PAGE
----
A warning to the board of the intention to make the court application may produce the desired result.
Of course, this is where the soon to be implemented Condo Office will be a great help. An owner should not have to go to great expense in order to force the Board to do something it is supposed to be doing. And in this condominium, the Board is most likely aware of this and knows that it can get away with it. Even if threatened to have this issue taken to court, until an owner actually goes to the time and expense of filing an application with the courts, the Board knows it can simply refuse to do anything.
With the Condo Office, and if it is implemented correctly, an owner in this case should be easily able file a complaint with the Condo Office and then the Condo Office can simply direct the Board to take appropriate action.
A final question that I wish to discuss is this:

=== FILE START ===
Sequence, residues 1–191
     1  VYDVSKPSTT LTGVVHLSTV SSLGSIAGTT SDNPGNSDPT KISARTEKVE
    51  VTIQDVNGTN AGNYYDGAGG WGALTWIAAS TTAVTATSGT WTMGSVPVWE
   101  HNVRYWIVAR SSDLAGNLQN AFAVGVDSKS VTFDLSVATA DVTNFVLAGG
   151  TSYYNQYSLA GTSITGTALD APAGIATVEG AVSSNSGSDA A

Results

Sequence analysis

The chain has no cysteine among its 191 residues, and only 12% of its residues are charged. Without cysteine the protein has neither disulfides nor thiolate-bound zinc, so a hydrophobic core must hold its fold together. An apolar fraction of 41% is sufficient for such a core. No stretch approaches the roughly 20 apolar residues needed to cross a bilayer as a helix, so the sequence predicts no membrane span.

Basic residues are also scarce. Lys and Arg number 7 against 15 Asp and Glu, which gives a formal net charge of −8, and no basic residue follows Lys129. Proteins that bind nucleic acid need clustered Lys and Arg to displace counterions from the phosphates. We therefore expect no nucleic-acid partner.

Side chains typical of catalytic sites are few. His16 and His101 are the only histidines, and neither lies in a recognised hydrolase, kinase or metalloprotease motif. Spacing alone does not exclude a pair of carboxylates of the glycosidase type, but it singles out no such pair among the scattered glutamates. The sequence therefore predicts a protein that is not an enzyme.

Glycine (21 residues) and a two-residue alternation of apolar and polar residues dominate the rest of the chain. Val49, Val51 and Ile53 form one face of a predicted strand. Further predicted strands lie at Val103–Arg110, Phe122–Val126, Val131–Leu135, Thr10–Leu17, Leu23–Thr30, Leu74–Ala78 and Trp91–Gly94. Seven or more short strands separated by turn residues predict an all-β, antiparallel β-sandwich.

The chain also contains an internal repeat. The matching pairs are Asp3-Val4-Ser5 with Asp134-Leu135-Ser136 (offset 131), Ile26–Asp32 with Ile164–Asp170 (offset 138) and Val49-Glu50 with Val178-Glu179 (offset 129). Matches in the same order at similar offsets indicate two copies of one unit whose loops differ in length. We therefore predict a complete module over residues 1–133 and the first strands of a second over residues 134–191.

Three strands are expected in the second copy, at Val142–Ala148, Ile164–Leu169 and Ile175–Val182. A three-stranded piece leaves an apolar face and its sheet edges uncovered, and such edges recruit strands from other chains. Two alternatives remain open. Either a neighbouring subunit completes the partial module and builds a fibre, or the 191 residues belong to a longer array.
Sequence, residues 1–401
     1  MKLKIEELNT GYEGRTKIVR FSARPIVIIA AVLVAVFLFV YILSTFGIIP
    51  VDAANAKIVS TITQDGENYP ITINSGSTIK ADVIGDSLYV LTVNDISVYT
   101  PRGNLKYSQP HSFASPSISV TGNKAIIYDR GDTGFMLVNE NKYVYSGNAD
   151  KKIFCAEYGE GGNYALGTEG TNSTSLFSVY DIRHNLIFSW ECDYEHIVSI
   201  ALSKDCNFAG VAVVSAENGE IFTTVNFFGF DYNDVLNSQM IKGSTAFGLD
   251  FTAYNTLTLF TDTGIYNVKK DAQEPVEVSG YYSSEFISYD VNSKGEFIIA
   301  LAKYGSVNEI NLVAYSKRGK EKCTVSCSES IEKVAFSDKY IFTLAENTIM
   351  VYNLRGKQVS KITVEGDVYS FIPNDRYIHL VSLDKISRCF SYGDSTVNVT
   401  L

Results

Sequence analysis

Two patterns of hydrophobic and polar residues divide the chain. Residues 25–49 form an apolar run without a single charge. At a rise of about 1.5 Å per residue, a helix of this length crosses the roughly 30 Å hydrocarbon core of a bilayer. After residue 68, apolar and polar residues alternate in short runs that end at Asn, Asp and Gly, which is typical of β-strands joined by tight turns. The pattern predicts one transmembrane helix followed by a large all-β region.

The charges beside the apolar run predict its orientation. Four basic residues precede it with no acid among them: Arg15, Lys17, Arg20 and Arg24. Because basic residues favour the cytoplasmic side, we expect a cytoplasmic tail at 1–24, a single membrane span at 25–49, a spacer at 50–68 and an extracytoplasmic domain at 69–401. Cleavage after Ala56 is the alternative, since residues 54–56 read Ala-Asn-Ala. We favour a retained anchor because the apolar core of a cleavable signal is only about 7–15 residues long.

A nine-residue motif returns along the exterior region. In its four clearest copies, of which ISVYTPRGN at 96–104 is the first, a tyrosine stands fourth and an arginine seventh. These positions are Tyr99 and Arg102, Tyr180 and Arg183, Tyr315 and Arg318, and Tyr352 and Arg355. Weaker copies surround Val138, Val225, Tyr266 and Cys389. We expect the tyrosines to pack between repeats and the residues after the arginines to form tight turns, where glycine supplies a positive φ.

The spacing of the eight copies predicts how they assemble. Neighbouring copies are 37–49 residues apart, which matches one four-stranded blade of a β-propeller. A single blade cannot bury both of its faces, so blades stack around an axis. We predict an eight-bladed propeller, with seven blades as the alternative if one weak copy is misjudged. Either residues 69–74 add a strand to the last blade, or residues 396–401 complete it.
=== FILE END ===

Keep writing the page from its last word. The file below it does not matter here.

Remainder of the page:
QUESTION: A petition signed by more that 15 per cent of the owners at our condominium called for an owners’ meeting to discuss an issue of concern. The president responded by stating: “You are not getting your meeting.” Owners are gathering signatures on a further petition to remove directors but we are afraid that the same response will be received. What can we do if that happens?
ANSWER: The Condominium Act requires the board to call and hold the requested owners’ meeting within 35 days of receipt of the requisition. If the board doesn’t do so, one of those who requested the meeting may call for it to be held within 45 days.
Should the board attempt to block the calling of the meeting by a requisitionist — perhaps by refusing to make available an owners’ list to facilitate the giving of notice — the requisitionist could make a court application for a compliance order.
Of course, technically this was a requisition, not a petition. But, the President is wrong to do this. The Board should have done the following:
- Send the requisition to the condo’s lawyer to ensure the requirements of the Condominium Act (basically indicating what is to be discussed/voted upon at the meeting, and that 15% of the owners actually signed the document.)
- If valid (most likely) then the Board should call a special Board meeting in order to set a date for a special meeting.
- Hold a Special Meetings of owners to deal with the issue.